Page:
Mom and Baby

Responsibilities of the Custodial Parent

A parent that has been awarded sole physical custody of a child, or the parent whom the child primarily lives with is referred to as the custodial parent. The custodial parent is responsible for the day-to-day care of the child. In most cases, if both parents are considered to be fit, the courts will assign joint physical and legal custody where both parents legally share parental duties, but it is not uncommon for the court to specifically state, in any custody and visitation order, where the child will spend most of his or her time, which is referred to as primary custodial parent. The primary custodial parent has the right to make decisions about the child’s daily activities without discussing with the other parent allowing the child’s life to run smoothly without much interruption from his or her regular schedule. However, with that being said, this does not mean that the primary custodial parent can keep information about the child from the other parent if the other parent is fit and has been granted visitation rights by the courts. In addition to the care of the child, a custodial parent has a responsibility to the other parent as to the child’s well-being, medical records, school records, extraordinary expenses and more.

  • It is best for both parents to keep an amicable relationship with one another for the child’s sake or a at a minimum in front of the child and never speak badly of the other parent in the presence of the child or where he or she may overhear you.
  • Stick to the visitation schedule established by the courts or developed in your parenting plan (check out our past blog about how to develop a successful parenting plan). Occasionally, situations will arise requiring a change to the visitation schedule, if this happens, give the non-custodial parent as much notice as possible and the opportunity to make up the visitation at another time.
  • Always consult with your former spouse regarding all meaningful issues affecting your child. Try to put yourself in his or her shoes---you would want to know this information if you were not the custodial parent.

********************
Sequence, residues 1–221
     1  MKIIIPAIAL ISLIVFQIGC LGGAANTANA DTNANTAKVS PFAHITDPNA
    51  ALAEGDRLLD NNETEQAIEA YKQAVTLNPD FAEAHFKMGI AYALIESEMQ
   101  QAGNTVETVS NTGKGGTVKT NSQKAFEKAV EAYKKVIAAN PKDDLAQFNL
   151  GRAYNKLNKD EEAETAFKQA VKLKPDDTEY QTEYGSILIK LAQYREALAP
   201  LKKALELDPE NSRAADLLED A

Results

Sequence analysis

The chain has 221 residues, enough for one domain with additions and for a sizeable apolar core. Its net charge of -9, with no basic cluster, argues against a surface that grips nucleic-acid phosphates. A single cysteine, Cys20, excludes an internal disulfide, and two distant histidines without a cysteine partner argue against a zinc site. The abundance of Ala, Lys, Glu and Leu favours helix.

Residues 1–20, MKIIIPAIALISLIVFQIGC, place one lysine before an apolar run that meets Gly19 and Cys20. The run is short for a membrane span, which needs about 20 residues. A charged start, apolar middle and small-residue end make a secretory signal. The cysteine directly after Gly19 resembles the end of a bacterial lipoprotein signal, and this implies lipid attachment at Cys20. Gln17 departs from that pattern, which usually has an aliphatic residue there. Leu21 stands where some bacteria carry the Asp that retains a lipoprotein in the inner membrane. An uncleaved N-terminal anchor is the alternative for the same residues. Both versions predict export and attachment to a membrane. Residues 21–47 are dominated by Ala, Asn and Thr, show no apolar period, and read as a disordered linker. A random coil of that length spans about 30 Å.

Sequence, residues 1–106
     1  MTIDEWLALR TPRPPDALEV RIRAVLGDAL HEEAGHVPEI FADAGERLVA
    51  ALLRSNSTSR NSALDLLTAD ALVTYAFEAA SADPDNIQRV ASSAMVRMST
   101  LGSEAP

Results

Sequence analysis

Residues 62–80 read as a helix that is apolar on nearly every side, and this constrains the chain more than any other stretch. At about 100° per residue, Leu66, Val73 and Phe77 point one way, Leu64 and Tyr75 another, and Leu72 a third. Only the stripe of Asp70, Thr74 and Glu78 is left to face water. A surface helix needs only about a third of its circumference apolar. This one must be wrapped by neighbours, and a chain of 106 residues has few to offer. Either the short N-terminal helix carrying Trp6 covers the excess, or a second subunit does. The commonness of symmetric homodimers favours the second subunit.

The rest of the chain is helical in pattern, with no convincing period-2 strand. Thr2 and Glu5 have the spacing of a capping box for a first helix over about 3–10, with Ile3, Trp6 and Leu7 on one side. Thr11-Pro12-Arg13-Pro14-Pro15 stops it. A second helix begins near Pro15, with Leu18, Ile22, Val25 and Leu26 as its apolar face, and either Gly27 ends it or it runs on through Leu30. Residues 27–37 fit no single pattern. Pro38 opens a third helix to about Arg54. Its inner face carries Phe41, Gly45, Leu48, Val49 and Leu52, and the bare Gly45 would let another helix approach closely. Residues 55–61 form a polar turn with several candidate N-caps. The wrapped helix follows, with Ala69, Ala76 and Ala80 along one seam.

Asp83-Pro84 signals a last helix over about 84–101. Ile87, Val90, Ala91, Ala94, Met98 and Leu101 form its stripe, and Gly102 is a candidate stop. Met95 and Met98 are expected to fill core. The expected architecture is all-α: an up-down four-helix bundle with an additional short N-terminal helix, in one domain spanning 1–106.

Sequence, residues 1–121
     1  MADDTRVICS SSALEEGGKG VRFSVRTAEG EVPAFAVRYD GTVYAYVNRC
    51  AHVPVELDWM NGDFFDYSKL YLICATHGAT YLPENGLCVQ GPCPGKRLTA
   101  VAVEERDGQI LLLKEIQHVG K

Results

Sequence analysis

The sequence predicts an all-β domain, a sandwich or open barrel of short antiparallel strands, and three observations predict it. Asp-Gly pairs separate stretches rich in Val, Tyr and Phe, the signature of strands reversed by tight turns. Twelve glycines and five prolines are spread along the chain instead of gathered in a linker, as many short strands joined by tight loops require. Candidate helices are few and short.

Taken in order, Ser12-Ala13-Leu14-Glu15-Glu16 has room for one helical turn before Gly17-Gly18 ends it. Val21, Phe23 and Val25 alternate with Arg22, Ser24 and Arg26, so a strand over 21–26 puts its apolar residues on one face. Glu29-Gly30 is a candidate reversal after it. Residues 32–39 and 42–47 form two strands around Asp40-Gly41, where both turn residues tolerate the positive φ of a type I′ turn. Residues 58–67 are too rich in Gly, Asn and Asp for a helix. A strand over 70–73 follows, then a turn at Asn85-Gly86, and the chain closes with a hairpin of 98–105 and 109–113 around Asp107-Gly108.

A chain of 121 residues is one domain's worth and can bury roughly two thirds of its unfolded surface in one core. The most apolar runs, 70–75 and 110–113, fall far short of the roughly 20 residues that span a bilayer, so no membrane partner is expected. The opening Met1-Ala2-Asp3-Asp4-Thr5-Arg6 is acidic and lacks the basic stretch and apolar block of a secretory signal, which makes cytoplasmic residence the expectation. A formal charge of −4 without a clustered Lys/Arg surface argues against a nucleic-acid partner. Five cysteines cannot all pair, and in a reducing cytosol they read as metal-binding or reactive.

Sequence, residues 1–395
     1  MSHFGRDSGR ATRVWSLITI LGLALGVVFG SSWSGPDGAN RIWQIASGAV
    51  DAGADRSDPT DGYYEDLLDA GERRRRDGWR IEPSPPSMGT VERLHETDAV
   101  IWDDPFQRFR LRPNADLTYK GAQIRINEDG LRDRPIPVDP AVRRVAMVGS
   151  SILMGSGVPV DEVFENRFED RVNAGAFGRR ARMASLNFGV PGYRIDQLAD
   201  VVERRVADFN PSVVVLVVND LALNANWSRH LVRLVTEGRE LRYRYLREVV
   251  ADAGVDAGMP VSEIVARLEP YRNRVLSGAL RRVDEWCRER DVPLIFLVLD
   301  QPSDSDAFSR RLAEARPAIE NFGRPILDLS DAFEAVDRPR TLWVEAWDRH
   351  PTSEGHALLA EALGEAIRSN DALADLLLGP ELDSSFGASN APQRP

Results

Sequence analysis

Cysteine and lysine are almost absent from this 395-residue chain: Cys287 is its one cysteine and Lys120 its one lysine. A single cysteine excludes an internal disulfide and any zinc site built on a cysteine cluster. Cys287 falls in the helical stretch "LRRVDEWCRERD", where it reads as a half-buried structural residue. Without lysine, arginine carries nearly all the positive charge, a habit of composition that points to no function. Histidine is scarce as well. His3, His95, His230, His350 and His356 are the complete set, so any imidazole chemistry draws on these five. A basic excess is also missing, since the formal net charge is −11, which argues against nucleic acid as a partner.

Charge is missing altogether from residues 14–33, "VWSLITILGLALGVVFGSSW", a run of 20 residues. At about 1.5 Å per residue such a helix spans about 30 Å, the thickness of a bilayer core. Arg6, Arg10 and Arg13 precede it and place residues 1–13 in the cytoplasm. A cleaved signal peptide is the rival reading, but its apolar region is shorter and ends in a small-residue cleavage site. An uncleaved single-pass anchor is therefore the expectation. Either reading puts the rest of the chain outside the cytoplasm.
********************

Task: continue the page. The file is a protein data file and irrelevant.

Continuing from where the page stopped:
• Arkansas statute 9-13-301 gives all non-custodial parents with visitation rights, the right to scholastic records of the child. The school district or any college official or employee having custody or control of student scholastic records is required to release them as well or they can be charged with a misdemeanor punishable by a fine up to $500. Do not keep important information from the other parent; because it is not only the right thing to do to keep your child’s best interest, you are legally bound to do so. If you do not, then you will be in contempt of court.
  • Before incurring any extraordinary expenses for your child, consult with the non-custodial parent if you are expecting him or her to pay half. This includes items such as medical expenses, childcare expenses, private schools, extracurricular activities and more. Making sure the other parent can cover the major cost beforehand is the responsible and courteous thing to do.
  • Finally, Kevin Hickey Law Partners always recommends keeping a record of child support payments for both the custodial parent and non-custodial parent allowing you to show proof of payment or non-payment if payments become an issue and you must go back to court.

Whether you are just starting the divorce process and working out child custody, need a revision to child custody, or find yourself as the non-custodial parent being excluded from important documents, decisions and records regarding your child, Kevin Hickey Law Partners can help. Unfortunately, many parents cannot separate their ill feelings towards their former spouse and their responsibility to hold the best interest of the child at the forefront. All family courts have set the best interest of the child as the legal standard to ensure that every child grows up happy and healthy no matter the situation. If you feel your child’s best interests are not being met, do not delay and call us today. You can never act too soon with matters regarding your child.